“IF I COULD TELL YOU, I WOULD LET YOU KNOW…” (W.H. Auden)
Writing letters of condolences to someone who is grieving is difficult, as anyone knows who has lived even a short while. We’ve all had to write such notes at one time or another and know the enormity of the task. What are words — puffs of air or ink scrawled upon a page. Yet we pretend they can ease a mind ravaged with sorrow. We perform our task knowing that among society’s rituals, letters of condolence are the most useless.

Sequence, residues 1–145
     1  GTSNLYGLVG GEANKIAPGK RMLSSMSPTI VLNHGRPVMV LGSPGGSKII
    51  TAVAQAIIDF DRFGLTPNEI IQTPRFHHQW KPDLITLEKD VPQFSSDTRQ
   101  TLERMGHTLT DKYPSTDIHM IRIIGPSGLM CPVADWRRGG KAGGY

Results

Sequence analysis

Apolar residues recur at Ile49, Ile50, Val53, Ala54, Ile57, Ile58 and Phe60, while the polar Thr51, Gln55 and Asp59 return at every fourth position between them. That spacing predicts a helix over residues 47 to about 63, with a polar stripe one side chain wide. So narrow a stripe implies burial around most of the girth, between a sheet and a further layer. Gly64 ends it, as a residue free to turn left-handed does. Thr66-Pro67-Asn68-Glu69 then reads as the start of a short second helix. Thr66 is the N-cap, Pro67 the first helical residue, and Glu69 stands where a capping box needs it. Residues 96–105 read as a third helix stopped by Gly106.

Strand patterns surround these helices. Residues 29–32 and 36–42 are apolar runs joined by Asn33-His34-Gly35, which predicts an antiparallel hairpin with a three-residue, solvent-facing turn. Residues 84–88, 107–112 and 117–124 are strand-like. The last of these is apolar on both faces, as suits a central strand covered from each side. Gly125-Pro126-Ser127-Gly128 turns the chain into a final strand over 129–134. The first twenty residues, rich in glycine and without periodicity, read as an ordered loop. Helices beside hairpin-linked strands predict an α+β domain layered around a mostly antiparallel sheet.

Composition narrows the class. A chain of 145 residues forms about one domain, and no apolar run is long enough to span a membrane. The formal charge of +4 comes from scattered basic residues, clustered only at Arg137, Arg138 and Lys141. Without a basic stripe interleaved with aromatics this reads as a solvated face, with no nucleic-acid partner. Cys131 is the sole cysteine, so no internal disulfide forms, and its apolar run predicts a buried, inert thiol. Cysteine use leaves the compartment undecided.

Why do we put grieving people through such an ordeal? Why do we act in a way that forces them to pause from their mourning to console us?
We write, I suppose, in the hope that any manner of expression is better than silence … that the pain is shallow enough to be soothed by words. We know we are fools to think so.
Still, I did receive a note from a widow recently, elegant in its simplicity:
“…if I were conventionally religious I might well have left this world. I really do understand how strong the impulse to self-destruction can be. But I do not believe that I can find him anywhere and he is for me irreplaceable.”